Tag: symantec

Unauthorized Google certificates issued by Symantec staffers lead to firings

In this way, it has allowed HTTPS-enabled Google domains to be impersonated by the wrong parties.

It has now been revealed that Symantec has fired several of its staff members after it was discovered that they had issued unauthorized Google certificates that allows potential attackers to be able to impersonate legitimate pages that have been protected by HTTPS.

The Symantec digital security company posted the news of the unauthorized certificate issuing in a recent blog post.

According to the company, “We learned on Wednesday that a small number of test certificates were inappropriately issued internally this week for three domains during product testing.” It also explained that all of the test Google certificates and the keys had always remained within the company’s control, and when the issue was identified, they were immediately revoked. “There was no direct impact to any of the domains and never any danger to the Internet.”

That said, they did terminate the employment of the people who misused the Google certificates in question.

Google Certificates - IssuesThe issue, itself, was identified by employees at Google, who had been monitoring an open framework called Certificate Transparency, which is a project that the company operates in order to be able to repair SSL certificate system structural flaws. Clearly, the system proved its worth in a new way in this specific situation, as Google was able to spot the unauthorized activity with regards to the certificates, nearly immediately.

Google then proceeded to communicate the issue to Symantec, and the two companies worked together to make certain that the pre-certificate remained active and valid for only a single day at the start of 2015. The certificate has since been blocked by way of an update to the revocation metadata through Chrome. Moreover, there isn’t any reason to believe that there was any risk to the security and privacy of Symantec’s website or product users at any point, as a result of this error.

Those responsible for the issue with the Google certificate are no longer employed with Symantec. That said, the company has now employed Dan Rogers as its new chief marketing officer. Rogers is the former CMO of Salesforce EMEA.

Mobile security issues becoming apparent with wearable tech

As the number of smartwatch and smartband wearers grows, the amount of data tracking increases, too.

According to the results of a recent mobile security study that have just been published, the users of wearable tech devices can become the victims of cyber attacks, personal data breaches, or simply basic tracking by an individual with a low budget and a small amount of knowledge on the subject.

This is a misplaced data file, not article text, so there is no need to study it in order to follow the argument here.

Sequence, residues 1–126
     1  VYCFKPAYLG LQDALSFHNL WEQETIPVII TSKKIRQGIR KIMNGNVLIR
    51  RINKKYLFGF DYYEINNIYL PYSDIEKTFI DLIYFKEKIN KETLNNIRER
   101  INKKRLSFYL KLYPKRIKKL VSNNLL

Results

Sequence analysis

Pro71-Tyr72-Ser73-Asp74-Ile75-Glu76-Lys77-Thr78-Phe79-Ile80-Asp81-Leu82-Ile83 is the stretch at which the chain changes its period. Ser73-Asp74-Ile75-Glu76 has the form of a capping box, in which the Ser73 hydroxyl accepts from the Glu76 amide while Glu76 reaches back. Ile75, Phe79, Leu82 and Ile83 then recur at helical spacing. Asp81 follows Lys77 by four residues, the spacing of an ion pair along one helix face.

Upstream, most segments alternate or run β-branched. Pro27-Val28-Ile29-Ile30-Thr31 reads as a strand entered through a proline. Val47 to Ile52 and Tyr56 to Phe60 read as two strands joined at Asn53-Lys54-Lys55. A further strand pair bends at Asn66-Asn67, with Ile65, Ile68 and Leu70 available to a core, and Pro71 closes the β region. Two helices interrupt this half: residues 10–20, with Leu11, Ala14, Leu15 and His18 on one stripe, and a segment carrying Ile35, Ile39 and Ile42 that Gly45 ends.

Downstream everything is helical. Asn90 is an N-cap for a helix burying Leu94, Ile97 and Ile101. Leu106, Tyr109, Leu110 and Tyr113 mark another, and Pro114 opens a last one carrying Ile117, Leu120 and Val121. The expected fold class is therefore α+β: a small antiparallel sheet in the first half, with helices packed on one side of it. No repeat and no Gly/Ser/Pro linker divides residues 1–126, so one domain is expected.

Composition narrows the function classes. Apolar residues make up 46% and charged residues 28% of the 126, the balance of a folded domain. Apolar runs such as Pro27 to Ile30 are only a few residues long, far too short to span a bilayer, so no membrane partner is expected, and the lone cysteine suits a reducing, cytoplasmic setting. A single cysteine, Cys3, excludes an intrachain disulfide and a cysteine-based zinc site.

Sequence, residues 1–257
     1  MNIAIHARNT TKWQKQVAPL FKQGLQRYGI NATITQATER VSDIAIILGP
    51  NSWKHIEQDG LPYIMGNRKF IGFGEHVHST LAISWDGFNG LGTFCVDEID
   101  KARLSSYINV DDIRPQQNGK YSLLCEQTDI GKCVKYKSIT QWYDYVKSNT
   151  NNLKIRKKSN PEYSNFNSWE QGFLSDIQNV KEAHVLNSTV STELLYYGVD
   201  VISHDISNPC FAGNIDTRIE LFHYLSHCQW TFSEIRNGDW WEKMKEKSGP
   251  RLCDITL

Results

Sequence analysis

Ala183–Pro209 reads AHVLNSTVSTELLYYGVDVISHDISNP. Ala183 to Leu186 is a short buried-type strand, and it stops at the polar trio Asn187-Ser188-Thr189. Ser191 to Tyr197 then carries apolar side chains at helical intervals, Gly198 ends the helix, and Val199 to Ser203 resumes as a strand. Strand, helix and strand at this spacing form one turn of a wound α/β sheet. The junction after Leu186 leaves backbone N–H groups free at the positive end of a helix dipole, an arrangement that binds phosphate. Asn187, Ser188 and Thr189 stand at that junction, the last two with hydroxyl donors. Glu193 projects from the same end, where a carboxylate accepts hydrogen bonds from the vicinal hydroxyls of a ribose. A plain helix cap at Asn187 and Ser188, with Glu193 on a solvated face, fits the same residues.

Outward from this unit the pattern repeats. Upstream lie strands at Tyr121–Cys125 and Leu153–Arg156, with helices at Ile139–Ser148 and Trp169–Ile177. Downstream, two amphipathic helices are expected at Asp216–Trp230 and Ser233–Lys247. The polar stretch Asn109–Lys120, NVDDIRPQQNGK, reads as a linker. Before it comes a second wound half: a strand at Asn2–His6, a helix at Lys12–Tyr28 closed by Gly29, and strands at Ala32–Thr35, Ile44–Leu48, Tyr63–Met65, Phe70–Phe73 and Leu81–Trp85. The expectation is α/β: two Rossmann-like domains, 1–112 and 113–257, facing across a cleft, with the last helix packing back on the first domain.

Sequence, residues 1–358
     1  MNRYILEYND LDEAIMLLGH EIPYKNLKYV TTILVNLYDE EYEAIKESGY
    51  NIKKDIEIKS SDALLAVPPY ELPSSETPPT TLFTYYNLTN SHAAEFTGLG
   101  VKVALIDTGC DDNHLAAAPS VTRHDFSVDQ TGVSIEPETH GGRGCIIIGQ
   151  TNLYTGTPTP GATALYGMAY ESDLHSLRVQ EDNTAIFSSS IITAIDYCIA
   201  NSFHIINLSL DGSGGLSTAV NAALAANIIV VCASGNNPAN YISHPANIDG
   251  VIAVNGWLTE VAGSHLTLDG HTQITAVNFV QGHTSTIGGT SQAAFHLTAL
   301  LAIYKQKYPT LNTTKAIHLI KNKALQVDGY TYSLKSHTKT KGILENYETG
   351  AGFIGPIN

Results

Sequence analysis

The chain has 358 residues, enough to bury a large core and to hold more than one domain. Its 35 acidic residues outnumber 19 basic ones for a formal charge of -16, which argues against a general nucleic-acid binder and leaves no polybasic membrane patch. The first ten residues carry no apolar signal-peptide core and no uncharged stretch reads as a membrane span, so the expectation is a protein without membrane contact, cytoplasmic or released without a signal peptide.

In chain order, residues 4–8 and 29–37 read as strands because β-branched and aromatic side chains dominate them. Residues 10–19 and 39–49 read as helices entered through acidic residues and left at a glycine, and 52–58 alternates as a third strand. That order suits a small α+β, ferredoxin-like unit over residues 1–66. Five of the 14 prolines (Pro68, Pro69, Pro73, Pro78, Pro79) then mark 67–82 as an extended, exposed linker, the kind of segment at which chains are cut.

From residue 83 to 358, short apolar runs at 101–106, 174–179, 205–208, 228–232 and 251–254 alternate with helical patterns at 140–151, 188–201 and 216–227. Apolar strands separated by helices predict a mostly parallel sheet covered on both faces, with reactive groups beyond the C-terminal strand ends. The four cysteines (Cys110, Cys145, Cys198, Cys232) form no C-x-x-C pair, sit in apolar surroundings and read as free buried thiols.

In fact, the study showed that all that is required is about $70 worth of hardware to track a wearable tech user.

The study was conducted by Symantec, the online and mobile security giant. Its researchers came up with a very simple design that brought a Bluetooth radio module together with a Raspberry Pi computer that was capable of scanning the area for the signals of wearable technology. The device was brought to various parks and sporting events where the researchers were then capable of recording the data that was being broadcasted by devices that were nearby.

The mobile security “attack” went completely undetected by the device users because no attempt was made to connect.

Mobile Security - Wearable techThe device made by the researchers never attempted to make a connection with the specific wearables that were being tracked. This was not required because the data was collectable due to the sheer simplicity of the wearable tech, which communicates with more complex devices – such as smartphones, tablets, and laptops – in order to make its information usable to the wearer.

The researchers brought the detection devices to public places in Ireland and Switzerland. They found that among all the types of mobile devices that are carried by people in these types of location, it was wearables that were particularly easy to track. According to the team, in a blog post that they made on the subject, “All the devices we encountered can be easily tracked using the unique hardware address they transmit.”

Among the types of mobile security vulnerability that were found in these devices, the researchers were also capable of remotely probing the gadgets to reveal identifying information or serial numbers. That said, they felt that this type of information would be considered to be “trivial” by people who have computer knowledge and who would be capable of actually accessing this data.